California Supreme Court ruling limits harmful effects of Prop. 47

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California Supreme Court ruling limits harmful effects of Prop. 47

By Michele Hanisee

Gov. Jerry Brown and the state Legislature steadfastly refuse to address even the most egregious flaws in their beloved soft-on-crime initiative, Proposition 47. But despite their obstinacy, a droplet of positive news has trickled out of Sacramento.

The California Supreme Court has ruled that judges have wide discretion to refuse to shorten the sentences of third-strike inmates.

Two third-strike inmates in a lawsuit argued that the initiative limited judges’ authority in this matter. They had claimed that a “safety-risk” definition in the initiative allowed judges to deny sentence reductions only to inmates who likely would commit crimes if released.

Not so, the Supreme Court ruled.

Writing for the majority, Chief Justice Tani Cantil-Sakauye said none of the Prop. 47 ballot materials suggested it would apply to third-strikers. Moreover, if the safety-risk definition had applied to third-strikers, it would “result in the release of more recidivist and/or violent offenders than had been contemplated” under an earlier initiative, Proposition 36, she wrote.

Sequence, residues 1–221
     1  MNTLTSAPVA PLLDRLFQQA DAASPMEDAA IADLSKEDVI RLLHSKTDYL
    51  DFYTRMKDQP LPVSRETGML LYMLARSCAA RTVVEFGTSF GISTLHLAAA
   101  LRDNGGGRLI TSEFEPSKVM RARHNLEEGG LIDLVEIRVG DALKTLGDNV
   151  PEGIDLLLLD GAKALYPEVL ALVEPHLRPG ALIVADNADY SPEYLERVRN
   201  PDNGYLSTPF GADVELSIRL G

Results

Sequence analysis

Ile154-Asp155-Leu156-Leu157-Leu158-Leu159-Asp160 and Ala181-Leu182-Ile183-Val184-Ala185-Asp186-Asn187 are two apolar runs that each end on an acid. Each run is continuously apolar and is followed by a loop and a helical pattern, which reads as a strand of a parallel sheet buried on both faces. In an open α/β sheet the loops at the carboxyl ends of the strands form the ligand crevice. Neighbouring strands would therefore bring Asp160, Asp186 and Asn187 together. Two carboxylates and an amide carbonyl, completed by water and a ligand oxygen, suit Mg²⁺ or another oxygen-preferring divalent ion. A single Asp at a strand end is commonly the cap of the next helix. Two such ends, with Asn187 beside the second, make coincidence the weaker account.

Prop. 36, which passed in 2012, allowed third-strike inmates whose last strike wasn’t violent or serious to apply for sentence reductions. Prop. 47, which voters passed in 2014, reduced a host of felonies to misdemeanors and has been widely cited as a contributing factor to the recent rise in statewide crime.

The Supreme Court ruling is clearly a victory for justice and for public safety. For a few moments, we should sit back and celebrate the Court’s common-sense decision.

But, in the vast landscape of devastation that Prop. 47 has wrought, it’s a small victory. Reversing the damage that Prop. 47 has inflicted remains a steep uphill battle.

Common sense bills to address Prop. 47’s most blatantly egregious gun-related flaws – introduced in the State Assembly by Marc Steinorth, Jim Patterson and the bipartisan trio of Melissa Melendez, Jim Cooper and Adam Gray – either died in committee or were vetoed by Gov. Brown.

But, for the sake of all law-abiding Californians, we cannot give up the fight. We must continue to vigorously advocate for, and support, all future efforts to fix Prop. 47.

Michele Hanisee is President of the Association of Los Angeles Deputy District Attorneys, the collective bargaining agent representing nearly 1,000 Deputy District Attorneys who work for the County of Los Angeles.
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